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Naumburg (German pronunciation: ['na?mb???k]) is a town in Germany, on the Saale River. It is in the district Burgenlandkreis in the Bundesland of Saxony-Anhalt. It is approximately 60 km (37 mi) southwest of Leipzig, 50 kilometers (31 mi) south-southwest of Halle, and 40 kilometers (25 mi) north-northeast of Jena.
Local industries include the manufacture of foodstuffs, textiles, machinery and toys.
Naumburg is in a wine-growing region, with numerous vineyards in the surrounding area. SC Naumburg was a former football club in the town from September 1899 to 1908.
The first written record of Naumburg dates from 1012, when it was mentioned as the new castle of the Ekkehardinger, the Margrave of Meissen. It was founded at the crossing of two trade-routes. The successful foundation not long beforehand of a Propstei Church on the site of the later Naumburger Cathedral was mentioned in the Merseburg Bishops' Chronicles in 1021. In 1028 Pope John XIX gave his approval for the transfer of the bishopric from Zeitz to Naumburg. Until 1568, during the Reformation, Naumburg was the seat of the bishops. The last Catholic bishop was Julius von Pflug. The foundation of the Cathedral school is dated to 1030. Naumburg has been known as a town since 1144.
Naumburg was a significant trading centre on the Via Regia in the Middle Ages, especially because of the Naumburg Trade Fairs, first known to have taken place in 1278. The emergence of Leipzig as a trade-fair centre from 1500 and the Thirty Years' War adversely affected the Naumburg economy.
The ecclesiastical domain was secularised in middle of the 16th century and transferred to the Dukes of Saxony, who administered the district through a government endowment (Stiftsregierung) and later provided administrators.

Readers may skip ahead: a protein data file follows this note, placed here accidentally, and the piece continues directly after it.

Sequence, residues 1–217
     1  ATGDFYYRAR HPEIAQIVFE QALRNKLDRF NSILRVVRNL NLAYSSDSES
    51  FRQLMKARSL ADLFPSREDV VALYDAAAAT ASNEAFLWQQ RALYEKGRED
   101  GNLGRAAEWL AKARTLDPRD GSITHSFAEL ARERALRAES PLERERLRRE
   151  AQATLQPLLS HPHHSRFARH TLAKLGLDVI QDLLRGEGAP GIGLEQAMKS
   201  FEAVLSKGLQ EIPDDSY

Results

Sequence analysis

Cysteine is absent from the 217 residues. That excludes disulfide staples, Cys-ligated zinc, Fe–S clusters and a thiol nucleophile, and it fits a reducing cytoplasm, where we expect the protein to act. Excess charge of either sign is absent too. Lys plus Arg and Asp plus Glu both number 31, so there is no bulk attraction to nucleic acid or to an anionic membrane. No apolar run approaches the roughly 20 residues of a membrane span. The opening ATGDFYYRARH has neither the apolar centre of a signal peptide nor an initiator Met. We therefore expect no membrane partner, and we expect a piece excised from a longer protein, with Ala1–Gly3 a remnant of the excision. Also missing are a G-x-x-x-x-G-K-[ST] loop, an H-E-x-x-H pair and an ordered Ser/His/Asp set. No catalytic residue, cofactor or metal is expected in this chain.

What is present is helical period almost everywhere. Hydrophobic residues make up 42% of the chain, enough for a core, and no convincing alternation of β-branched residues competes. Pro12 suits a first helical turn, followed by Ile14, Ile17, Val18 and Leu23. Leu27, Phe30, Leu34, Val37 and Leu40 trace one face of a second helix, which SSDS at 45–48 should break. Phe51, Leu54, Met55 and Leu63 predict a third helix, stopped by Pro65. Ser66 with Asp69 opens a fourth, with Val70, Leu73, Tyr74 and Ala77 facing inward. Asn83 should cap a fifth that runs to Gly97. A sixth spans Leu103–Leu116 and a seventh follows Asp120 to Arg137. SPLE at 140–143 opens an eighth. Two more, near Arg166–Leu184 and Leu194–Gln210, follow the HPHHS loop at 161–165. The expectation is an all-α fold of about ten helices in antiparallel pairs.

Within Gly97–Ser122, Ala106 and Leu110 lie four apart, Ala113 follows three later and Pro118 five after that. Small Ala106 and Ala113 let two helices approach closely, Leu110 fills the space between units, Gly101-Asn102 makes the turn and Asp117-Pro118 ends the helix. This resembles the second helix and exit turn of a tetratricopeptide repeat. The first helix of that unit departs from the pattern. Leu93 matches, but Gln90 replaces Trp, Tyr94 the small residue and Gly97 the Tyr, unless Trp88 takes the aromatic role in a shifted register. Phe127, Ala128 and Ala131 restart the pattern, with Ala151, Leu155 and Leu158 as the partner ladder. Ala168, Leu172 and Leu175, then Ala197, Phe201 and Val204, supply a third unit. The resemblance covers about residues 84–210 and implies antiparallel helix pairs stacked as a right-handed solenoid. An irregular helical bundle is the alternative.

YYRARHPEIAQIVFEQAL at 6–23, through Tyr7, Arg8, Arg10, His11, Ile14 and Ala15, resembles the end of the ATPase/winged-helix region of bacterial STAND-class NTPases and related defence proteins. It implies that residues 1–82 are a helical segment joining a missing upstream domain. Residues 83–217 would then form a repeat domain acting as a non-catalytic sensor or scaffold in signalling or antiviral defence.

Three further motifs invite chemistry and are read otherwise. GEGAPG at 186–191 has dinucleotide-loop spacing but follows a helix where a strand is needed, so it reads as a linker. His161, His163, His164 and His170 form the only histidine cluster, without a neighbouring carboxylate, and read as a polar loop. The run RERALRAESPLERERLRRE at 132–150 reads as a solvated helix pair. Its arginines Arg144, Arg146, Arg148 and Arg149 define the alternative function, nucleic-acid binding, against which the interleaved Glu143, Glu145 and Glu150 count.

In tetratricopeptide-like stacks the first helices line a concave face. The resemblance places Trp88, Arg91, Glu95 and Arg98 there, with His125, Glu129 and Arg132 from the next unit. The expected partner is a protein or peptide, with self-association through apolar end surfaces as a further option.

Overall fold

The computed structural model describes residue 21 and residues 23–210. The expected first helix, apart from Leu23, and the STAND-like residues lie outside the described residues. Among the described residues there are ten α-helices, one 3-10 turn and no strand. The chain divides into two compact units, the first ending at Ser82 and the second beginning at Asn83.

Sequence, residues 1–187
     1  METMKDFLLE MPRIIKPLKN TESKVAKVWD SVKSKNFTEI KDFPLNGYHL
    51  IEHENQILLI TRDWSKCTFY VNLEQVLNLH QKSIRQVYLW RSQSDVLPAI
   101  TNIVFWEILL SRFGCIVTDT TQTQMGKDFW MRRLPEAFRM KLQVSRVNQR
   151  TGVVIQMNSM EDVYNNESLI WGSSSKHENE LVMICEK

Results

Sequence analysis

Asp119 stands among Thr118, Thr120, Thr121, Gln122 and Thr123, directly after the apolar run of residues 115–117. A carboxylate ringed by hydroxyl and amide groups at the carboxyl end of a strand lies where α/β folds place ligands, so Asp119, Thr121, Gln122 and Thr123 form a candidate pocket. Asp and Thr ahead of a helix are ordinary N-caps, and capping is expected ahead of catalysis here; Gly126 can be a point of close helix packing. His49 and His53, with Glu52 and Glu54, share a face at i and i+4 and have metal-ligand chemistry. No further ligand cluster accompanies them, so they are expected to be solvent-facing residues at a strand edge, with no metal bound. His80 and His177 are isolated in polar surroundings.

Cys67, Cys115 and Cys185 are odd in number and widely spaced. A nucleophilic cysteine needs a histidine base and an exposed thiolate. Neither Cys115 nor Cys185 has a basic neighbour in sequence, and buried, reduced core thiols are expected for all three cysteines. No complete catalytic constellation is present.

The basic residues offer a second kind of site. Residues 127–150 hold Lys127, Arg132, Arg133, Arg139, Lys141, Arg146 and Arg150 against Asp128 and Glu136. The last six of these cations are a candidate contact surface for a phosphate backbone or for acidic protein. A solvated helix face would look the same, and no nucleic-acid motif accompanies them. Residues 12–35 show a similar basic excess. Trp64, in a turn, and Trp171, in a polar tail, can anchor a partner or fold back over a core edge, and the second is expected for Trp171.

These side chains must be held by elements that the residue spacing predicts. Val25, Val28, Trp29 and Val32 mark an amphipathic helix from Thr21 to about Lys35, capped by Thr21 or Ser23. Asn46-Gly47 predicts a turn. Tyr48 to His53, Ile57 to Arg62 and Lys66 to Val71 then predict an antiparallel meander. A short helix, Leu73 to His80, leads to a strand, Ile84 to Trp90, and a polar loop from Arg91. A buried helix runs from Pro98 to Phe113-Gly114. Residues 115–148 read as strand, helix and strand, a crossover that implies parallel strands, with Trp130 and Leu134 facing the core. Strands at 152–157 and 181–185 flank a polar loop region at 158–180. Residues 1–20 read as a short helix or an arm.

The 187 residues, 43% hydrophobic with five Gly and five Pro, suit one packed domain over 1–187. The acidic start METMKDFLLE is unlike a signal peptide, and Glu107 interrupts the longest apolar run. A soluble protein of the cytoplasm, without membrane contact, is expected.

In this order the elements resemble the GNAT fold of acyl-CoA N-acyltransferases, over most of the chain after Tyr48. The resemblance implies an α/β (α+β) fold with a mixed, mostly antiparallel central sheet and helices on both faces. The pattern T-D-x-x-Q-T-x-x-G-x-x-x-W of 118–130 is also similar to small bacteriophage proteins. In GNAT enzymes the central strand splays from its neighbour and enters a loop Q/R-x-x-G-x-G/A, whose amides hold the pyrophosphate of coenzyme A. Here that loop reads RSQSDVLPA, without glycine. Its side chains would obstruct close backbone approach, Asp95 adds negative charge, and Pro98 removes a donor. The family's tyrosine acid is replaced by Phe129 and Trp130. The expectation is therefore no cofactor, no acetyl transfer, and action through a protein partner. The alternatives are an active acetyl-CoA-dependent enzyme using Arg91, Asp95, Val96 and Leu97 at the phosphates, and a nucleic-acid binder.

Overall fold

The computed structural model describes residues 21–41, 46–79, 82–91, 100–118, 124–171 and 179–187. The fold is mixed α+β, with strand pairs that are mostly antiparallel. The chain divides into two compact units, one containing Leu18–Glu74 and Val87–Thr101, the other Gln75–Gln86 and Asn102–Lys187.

After the fraternal competition between the four brothers of John George I, Elector of Saxony, in 1657 the Naumburger administrative area came into the possession of the secondogeniture area of Saxony-Zeitz, which the youngest son, Moritz, inherited.
Before the Moritzburg castle was built in nearby Zeitz, the Naumburger city castle served as the residence of this line. This period came to an end with the death of the last Protestant representative of the line Saxony-Zeitz in the year 1718. The Naumburger administrative area reverted to the Dukes of Saxony in Dresden and became fully integrated into Albertine Saxony. However it remained until 1815 the seat of its own administrative authority (Consistory of the district of Naumburg-Zeitz). After the Congress of Vienna in 1815, Naumburg was ceded to the Kingdom of Prussia, becoming part of the Province of Saxony. It gained control over the cathedral and its close in 1832.
In 1846 the town was connected to the rail line from Halle to Erfurt, in 1889 to Artern and eventually in 1900 to Teuchern. On 15 September 1892 a steam tram system opened in Naumburg. From 2 January 1907 it was electrified.
Although industry was only weakly developed, a socialist club was founded in 1848. During the 1920 Kapp Putsch five workers were killed. The establishment of the local Communist Party followed in December 1920. Under the German Democratic Republic Naumburg was a centre of mechanical engineering, pharmaceuticals, metal-working and footwear manufacture. It was also a garrison town for the Soviet Air Force. Unofficial estimates are that the number of Soviet military personnel approximately equalled that of the local population. The fall of communism in 1989 was accompanied by demonstrations and gatherings in the churches of the city.
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